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Net Gain

Politicians aren’t always especially thoughtful about, or even familiar with, information technology. George W. Bush used the term “Internets” during not one but two presidential debates. The late Alaska Senator Ted Stevens famously referred to the World Wide Web as a “series of tubes.” And John McCain drew ridicule in 2008 when he conceded that he was still “learning to get online myself.”

Much worse than these gaffes, however, are some of the policies that have been promoted by lawmakers and candidates who seem to fundamentally misunderstand the importance of a free and open Internet. In recent years, we have seen politicians accede to the interests of giant telecom companies rather than support net neutrality; propose anti-piracy bills that threaten Internet freedom; and, as Siddhartha Mahanta recently documented at TNR Online, block poor communities from receiving broadband access.

So it was a pleasant surprise to see the Obama administration recently take some thoughtful and forward-looking positions on Internet policy. First, there was the administration’s response to SOPA and PIPA, the twin anti-piracy bills that arose in Congress late last year. The bills addressed a legitimate concern—the rampant online theft of music, movies, and TV shows—but they were overzealous and threatened to fundamentally alter the open nature of the Internet. Although the proposals initially had broad bipartisan support, they inspired strong opposition from Web users and giants like Wikipedia and Google. Then, in January, the White House announced—in a blog post, fittingly—that it had major reservations about the two bills. This not only helped seal the fate of the overreaching measures; it also validated the grassroots response to them from Web users, showing that the White House understood their concerns and was listening to them. More recently, the administration demonstrated backbone in opposing a cybersecurity bill that posed major threats to personal privacy. The Cyber Intelligence Sharing and Protection Act, which passed the House last month, was designed to enhance security by facilitating information-sharing among private companies and the government. But critics said the bill would allow major transfers of information—say, from Google to the government—without meaningful protections for Internet users. The administration has responded by brandishing a veto threat.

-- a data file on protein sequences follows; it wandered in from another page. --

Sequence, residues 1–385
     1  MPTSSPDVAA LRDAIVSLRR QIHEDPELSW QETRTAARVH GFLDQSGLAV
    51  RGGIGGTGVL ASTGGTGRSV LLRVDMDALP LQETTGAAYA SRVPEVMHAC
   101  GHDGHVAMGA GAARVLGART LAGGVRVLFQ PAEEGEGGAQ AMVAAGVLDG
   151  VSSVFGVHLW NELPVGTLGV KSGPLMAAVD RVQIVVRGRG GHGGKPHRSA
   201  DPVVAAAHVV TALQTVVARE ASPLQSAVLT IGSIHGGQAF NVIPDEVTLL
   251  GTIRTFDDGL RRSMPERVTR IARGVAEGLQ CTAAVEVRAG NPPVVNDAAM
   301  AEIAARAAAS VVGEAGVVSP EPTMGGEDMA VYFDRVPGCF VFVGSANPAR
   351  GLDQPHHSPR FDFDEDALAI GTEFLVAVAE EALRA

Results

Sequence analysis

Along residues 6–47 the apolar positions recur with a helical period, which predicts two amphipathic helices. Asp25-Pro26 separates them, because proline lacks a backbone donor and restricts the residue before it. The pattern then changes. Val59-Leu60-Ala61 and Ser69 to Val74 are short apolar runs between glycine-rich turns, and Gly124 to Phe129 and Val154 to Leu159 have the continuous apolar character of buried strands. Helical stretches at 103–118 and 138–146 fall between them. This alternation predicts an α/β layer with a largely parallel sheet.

Of course, a sensible approach to the Internet requires more than techno-utopianism. Technology has no inherent moral value; it is a tool that can be used for good or evil. President Obama implicitly acknowledged this when, several weeks ago, during a speech at the Holocaust Museum, he announced a new executive order imposing sanctions on foreigners who use information technology to carry out human rights abuses—including strong steps against the Syrian intelligence agency and a Syrian phone company, as well as the Iranian Ministry of Intelligence and Security. (To be sure, these wise measures are hardly substitutes for the humanitarian intervention that we wish the administration would lead in Syria.)

Finally, the administration deserves credit for recognizing that the potential for anti-competitive behavior exists even in trendy, well-regarded young Internet companies. Recently, the Federal Trade Commission named a high-profile outside litigator to investigate Google for allegedly directing its users, unfairly, to its own suite of products.

There are, of course, ways in which the administration has disappointed. Even when the White House has done the right thing on Internet issues, it has not always acted as speedily or as forcefully as it might have. Moreover, it has not always done the right thing. Particularly striking was the Federal Communications Commission’s (FCC) decision, in late 2010, to exempt mobile carriers from new rules protecting net neutrality. The FCC’s step blocks Internet service providers from slowing down or preventing access to the content of their competitors—but it only applies to wired, not wireless, providers. That means the rule is irrelevant when it comes to a large and growing portion of Americans’ Internet use. If the principle of net neutrality is important, is there any good reason why it should apply only to computers, and not to wireless devices like smartphones and tablets?

On the whole, however, the administration has acquitted itself well on Internet issues. And, when you consider how poorly the world of politics has often handled technology, that’s no small accomplishment.

This article appeared in the May 24, 2012 issue of the magazine.